Wood: Reclaim your digital identity by saying, “I’m not default, I’m Normcore.” That’s amazing. I hope that that happens. Is it a little disappointing? I may be showing my age, but it does feel like kind of a bummer that those of us who grew up in those early days … [of] these incredibly complex digital economies that were so beautifully constructed and well thought out. It’s like “The Lord of the Rings” versus Nickelback or something. It just feels a little disappointing that the economics are so simplistic now, so blunt force.

Lehdonvirta: Well, the number of people playing games, playing digital games, has increased, so those more complex and evolved virtual economies haven’t really gone anywhere. They’re still there. They’re just for certain audiences. Then you have bigger audiences that are enjoying experiences that are more accessible for people who don’t necessarily have so much, for instance, time to invest into grappling with a complex virtual economy. In that sense, I’m not disappointed. The potentially positive thing about this whole trend around spending more money on virtual goods and virtual currencies is that the environmental impact of virtual consumption could potentially be very low. You can purchase new items and discard your old virtual boots or what not, and you’re not increasing your carbon footprint in any way. The only thing is if we keep upgrading our hardware at the pace we’re upgrading, obviously that has a big carbon footprint. But the game content itself, you can spend any amount of money on game content without necessarily increasing your carbon footprint. I think that’s quite interesting. The more virtual we can turn our economy, in that sense, the more we can potentially decouple consumption from environmental impacts.

Related links: more insight from Molly Wood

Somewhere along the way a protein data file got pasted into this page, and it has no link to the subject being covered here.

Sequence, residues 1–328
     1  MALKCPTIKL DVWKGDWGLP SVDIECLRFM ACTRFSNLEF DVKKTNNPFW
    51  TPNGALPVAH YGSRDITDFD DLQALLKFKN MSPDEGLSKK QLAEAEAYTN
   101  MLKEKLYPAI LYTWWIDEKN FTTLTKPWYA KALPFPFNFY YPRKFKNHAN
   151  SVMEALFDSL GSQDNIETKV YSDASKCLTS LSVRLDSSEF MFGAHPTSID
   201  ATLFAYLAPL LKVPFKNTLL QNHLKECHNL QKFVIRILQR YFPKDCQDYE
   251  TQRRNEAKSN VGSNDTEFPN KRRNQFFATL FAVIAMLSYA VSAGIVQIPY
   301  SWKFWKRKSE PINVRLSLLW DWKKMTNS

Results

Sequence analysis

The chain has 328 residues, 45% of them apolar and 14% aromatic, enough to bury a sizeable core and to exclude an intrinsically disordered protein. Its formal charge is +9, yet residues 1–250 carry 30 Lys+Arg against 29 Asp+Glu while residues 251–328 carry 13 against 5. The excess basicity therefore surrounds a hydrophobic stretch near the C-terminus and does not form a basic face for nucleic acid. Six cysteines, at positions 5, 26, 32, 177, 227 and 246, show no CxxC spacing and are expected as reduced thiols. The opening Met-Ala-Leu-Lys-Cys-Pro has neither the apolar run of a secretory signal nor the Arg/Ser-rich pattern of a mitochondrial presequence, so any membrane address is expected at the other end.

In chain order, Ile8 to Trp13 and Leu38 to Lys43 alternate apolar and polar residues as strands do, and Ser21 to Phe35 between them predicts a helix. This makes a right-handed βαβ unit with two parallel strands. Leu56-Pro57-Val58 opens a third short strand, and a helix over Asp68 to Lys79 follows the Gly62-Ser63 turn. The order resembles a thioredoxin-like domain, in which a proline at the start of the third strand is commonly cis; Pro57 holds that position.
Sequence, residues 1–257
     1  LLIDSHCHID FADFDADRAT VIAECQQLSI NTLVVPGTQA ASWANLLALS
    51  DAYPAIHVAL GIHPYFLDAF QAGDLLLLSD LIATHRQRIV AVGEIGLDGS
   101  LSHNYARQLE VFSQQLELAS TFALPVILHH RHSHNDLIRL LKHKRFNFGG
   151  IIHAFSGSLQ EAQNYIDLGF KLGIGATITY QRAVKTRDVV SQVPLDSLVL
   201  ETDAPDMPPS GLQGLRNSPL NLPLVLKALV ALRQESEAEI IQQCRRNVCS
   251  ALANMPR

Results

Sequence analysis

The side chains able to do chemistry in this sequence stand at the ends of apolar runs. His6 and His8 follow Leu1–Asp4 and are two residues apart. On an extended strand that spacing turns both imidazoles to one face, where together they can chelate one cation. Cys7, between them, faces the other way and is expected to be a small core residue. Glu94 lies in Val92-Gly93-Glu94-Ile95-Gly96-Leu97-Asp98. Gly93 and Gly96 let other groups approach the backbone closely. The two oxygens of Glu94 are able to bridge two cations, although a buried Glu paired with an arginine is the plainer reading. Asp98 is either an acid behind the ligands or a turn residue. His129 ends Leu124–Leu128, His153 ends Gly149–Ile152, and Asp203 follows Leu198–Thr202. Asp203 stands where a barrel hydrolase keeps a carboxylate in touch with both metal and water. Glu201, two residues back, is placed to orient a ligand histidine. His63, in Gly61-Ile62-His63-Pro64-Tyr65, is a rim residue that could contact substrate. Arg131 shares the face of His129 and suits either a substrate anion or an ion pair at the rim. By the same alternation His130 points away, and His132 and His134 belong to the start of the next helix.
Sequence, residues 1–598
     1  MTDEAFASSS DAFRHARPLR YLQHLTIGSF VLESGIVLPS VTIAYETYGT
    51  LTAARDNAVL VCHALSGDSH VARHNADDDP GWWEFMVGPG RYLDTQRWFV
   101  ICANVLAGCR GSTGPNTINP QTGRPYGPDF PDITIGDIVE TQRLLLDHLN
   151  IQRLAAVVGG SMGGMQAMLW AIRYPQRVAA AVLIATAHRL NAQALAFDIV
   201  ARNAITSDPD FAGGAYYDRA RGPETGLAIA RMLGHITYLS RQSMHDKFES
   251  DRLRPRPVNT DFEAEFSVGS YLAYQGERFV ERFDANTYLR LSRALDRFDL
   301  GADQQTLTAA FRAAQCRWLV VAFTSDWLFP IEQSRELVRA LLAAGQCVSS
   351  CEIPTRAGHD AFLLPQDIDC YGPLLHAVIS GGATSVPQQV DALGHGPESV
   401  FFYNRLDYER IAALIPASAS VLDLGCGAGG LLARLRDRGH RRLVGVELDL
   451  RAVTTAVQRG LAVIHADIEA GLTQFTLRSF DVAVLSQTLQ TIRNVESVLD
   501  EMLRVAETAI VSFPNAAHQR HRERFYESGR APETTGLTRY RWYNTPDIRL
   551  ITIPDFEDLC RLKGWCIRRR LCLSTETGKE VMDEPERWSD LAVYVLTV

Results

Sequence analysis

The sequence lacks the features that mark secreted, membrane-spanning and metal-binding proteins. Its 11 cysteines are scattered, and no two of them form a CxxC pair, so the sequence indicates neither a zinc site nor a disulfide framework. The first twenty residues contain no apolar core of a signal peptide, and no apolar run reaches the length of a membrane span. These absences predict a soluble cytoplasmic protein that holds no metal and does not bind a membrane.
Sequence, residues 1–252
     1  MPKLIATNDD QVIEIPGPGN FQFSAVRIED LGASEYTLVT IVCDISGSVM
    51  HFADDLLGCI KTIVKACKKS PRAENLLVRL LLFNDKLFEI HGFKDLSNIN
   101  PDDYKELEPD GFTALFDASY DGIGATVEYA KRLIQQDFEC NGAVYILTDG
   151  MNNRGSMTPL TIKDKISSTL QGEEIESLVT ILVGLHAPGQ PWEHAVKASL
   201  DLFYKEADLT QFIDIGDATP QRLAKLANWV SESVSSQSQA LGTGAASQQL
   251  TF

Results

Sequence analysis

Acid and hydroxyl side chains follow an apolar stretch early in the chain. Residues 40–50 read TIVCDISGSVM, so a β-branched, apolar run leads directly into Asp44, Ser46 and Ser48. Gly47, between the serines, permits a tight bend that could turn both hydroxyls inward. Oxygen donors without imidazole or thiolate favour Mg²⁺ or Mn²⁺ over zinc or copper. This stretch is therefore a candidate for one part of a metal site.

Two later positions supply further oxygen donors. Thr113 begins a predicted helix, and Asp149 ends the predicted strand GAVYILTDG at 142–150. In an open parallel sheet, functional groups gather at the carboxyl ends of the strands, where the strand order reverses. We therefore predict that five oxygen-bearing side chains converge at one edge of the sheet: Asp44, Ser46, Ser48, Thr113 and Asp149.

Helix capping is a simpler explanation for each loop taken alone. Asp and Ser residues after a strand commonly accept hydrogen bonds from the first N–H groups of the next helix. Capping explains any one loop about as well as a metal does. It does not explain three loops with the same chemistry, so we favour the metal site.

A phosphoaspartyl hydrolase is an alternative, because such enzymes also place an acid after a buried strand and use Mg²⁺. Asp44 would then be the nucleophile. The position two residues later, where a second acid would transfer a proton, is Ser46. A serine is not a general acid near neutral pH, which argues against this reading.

Generally speaking, gamers are fine with in-game microtransactions when the game is free or cheap and the purchases are mostly cosmetic. But research shows most people don’t want to have to pay to win.

There’s a good analysis from IntelligentEconomist.com about the history of microtransactions in games and how it’s still controversial, especially when companies want you to pay full price for a console game, which for you non-gamers is like $60 to $80 and then ask you to spend more money on things like loot boxes, which are full of randomly generated digital goods. In fact, loot boxes got so controversial that they’re banned in some countries as basically gambling.

In 2017, Electronic Arts actually pulled microtransactions out of its game Star Wars Battlefront II after fans complained that they had to spend another $80 to unlock a character like Darth Vader or spend at least 40 hours playing. That was the case for each of the characters that you wanted to unlock. It’s a delicate balance. Fans don’t like the double-dip but, on the other hand, some analysts think that removing microtransactions is partly why Battlefront II actually didn’t make as much money as investors had hoped.

But Investopedia reports that the two games that make the most money off microtransactions are League of Legends and Fortnite, both of which are free to download and play.

Correction (June 10, 2019): In a previous version of this story, Vili Lehdonvirta’s name was misspelled. The text has been corrected.

The team

Molly Wood Host
Eve Troeh Senior Producer
Stephanie Hughes Producer